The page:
Blessed is the one… whose delight is in the law of the Lord, and who meditates on his law day and night. That person is like a tree planted by streams of water, which yields its fruit in season and whose leaf does not wither—whatever they do prospers. - Psalm 1:1-3
Planting the Seed
During the first evening of Kingdom Code Build 2018 I was struck by the challenge to use digital tools to increase appetite and engagement with the Bible presented by Bible Society. In the days leading up to the event, my wife had been showing off her newly downloaded app (Forest), which encouraged users to ‘switch off’ from their phones; the longer you resist picking up your device, the more a digital forest is able to grow…
So as I sat listening to the Bible Society’s challenge, it occured to me that something similar could be applied to reading scripture. This gamification, though used for disengagement in my wife’s app, could be used to encourage genuine engagement with God’s word which, as Psalm 1 says, brings fruitfulness in the lives of people who delight in God’s word.
So the idea for Bible Garden was born! And just a few minutes later I was in the queue, ready to pitch it to the group.
Encouraging Daily Growth
The vision behind Bible Garden is to encourage users to develop better Bible reading habits. This has always been something that I’ve struggled with, but I’ve found small steps can help to form habits, and once habits are formed, they often stick around (for better or worse!).
With that in mind, the main thrust of Bible Garden is twofold:
Get users to ‘plant’ a seed (based on a Biblical topic or theme), which requires reading a short Bible passage to grow
Encourage users with a daily notification to come back and grow their plant some more, bringing the plant to completion by finishing the theme
The reminders draw users back into the app to read the Bible, and the growth of the plant offers a small reward for the behaviour. Of course, if you fail to log in, your plants begin to wither and die!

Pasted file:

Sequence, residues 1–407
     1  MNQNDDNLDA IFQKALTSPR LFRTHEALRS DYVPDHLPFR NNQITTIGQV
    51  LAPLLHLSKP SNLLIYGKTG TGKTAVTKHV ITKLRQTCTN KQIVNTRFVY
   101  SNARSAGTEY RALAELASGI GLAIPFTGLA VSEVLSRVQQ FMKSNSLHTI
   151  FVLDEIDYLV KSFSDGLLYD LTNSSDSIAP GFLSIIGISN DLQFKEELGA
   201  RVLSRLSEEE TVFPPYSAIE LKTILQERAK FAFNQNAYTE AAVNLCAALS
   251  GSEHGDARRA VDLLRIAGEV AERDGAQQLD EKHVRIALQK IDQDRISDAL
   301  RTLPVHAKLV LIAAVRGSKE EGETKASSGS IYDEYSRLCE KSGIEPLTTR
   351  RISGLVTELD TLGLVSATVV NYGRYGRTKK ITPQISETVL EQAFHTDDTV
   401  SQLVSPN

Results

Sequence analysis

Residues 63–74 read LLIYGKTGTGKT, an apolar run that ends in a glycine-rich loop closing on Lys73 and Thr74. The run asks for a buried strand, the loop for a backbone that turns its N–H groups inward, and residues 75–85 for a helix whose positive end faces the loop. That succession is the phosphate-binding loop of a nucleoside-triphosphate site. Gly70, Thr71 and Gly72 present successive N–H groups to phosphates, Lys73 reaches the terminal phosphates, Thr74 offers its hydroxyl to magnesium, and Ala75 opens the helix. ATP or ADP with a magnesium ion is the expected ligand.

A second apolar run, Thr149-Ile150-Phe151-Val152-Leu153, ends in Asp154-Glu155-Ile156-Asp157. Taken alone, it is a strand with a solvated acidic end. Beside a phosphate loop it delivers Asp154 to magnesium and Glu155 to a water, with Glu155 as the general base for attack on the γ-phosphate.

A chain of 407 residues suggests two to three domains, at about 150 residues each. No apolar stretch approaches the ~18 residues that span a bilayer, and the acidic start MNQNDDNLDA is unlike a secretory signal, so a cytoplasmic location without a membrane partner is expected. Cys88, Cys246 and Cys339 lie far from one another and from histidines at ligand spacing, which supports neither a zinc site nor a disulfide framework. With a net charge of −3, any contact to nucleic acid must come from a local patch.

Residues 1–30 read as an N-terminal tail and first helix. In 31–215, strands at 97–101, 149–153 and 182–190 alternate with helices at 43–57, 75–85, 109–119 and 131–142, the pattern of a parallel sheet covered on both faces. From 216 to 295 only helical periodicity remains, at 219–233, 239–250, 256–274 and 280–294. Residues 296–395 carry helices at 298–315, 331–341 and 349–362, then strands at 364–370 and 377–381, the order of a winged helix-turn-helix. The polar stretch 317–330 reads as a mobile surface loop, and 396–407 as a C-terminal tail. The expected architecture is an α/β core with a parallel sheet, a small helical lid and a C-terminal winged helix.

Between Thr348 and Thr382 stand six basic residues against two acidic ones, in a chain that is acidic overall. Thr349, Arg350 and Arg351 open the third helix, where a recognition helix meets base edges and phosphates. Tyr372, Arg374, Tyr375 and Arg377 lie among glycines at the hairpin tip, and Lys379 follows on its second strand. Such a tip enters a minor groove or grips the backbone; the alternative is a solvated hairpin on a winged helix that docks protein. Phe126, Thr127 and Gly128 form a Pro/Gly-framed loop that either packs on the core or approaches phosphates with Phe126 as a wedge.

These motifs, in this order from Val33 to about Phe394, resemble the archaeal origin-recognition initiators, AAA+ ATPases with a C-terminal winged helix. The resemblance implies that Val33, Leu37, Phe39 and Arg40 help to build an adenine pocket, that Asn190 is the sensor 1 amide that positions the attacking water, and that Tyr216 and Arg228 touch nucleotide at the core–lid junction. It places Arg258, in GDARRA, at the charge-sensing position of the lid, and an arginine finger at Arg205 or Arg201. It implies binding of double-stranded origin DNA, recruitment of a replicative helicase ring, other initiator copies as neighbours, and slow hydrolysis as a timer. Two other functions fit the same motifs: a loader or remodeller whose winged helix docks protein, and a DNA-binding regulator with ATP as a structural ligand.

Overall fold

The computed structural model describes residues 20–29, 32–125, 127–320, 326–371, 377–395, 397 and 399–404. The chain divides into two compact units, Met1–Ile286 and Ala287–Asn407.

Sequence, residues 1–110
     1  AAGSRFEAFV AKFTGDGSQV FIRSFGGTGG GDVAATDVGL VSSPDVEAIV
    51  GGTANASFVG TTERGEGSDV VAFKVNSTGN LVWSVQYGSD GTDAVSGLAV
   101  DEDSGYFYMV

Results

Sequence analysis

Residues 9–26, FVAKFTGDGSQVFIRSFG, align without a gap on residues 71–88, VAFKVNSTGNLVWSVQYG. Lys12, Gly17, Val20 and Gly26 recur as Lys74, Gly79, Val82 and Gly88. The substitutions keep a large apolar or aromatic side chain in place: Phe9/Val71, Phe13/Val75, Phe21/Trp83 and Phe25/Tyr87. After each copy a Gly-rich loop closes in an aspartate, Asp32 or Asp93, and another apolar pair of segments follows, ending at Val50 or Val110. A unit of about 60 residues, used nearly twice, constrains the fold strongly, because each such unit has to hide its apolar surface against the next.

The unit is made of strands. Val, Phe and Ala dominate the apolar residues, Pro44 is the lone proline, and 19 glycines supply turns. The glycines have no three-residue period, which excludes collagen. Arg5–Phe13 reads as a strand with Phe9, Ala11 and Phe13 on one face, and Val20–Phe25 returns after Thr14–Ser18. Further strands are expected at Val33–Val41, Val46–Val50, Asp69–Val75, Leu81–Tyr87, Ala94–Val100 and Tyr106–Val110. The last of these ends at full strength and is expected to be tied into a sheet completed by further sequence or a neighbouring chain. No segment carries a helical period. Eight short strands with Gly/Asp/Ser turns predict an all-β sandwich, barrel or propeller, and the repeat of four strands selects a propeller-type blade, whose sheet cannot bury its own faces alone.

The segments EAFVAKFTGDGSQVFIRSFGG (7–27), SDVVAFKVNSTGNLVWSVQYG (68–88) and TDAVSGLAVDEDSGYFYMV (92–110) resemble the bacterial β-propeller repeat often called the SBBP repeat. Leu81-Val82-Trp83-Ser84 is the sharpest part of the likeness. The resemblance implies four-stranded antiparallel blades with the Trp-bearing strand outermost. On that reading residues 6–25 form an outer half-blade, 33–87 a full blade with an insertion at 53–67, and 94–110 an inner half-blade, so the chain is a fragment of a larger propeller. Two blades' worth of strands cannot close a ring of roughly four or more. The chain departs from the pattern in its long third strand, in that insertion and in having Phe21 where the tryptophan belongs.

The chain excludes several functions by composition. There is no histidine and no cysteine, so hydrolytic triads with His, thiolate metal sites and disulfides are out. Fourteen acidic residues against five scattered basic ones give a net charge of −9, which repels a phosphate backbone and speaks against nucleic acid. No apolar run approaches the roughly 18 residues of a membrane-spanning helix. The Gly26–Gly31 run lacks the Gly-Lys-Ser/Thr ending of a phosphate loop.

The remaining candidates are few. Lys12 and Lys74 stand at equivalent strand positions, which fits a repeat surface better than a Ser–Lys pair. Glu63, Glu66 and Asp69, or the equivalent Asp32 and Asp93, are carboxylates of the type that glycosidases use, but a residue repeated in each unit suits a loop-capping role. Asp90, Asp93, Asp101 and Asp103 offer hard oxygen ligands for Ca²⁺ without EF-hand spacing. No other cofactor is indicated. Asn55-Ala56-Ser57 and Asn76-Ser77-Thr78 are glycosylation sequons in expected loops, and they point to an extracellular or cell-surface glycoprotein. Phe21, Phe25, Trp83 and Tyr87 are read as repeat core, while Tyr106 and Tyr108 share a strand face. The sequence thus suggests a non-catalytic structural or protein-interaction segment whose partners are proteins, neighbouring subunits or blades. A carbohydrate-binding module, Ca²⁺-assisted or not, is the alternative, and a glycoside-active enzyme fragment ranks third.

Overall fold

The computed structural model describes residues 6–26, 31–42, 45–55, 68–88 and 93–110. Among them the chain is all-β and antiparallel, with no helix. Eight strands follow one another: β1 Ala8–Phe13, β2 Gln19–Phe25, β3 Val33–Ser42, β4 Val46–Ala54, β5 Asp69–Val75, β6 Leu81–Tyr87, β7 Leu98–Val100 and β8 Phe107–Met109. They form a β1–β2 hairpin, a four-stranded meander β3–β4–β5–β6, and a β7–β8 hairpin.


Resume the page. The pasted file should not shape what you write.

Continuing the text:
Users can go on to plant additional seeds, to develop their own garden. Over time, this provides a visual reminder of their progress, and a reminder of the importance of Spiritual fruitfulness.
For I will pour water on the thirsty land, and streams on the dry ground; I will pour out my Spirit on your offspring, and my blessing on your descendants. They will spring up like grass in a meadow, like poplar trees by flowing streams.
Isaiah 44:3-4, NIV
Tending the Garden
During that first evening of Build, we gathered a small team. We decided to focus on making a native app, due to the importance of push notifications for re-engagement, and we mapped out the user journey for first-time use. Our aim was to have a working prototype to present on the Saturday evening, so our developers worked on server infrastructure for loading content, whilst the rest of us sought to create assets and refine the look and feel. Our presentation wasn’t perfect — on reflection, we agreed that we had probably aimed too high, nevertheless, we achieved a lot in a small space of time.
A core group from the team has steadily continued to work on the app since that time. In addition to myself, we have two talented developers in Mark and Simeon. We’ve since built the aforementioned mockup to gather some immediate feedback on the flow of the app, and we’re close to having a fully working first version for iOS and Android.
Praying for Bible Garden
As a team, we’d really value your prayers as we continue!
Pray that we’d continue to be motivated by the central vision behind the app — encouraging people to spend more time in God’s word each day.
As we seek to move closer to a first release, please also pray that we would be wise with how we spend our time. It’s a balancing act between how much we give to this project in amongst our other commitments.
Finally, we’re on the lookout for additional team members. Particularly at this time, we’d really appreciate the skills of someone with experience and expertise in UI Design for the app. Do pray that we would find the right person — and if you think that person could be you, we’d love to hear from you! You can e-mail firstname.lastname@example.org to get in touch.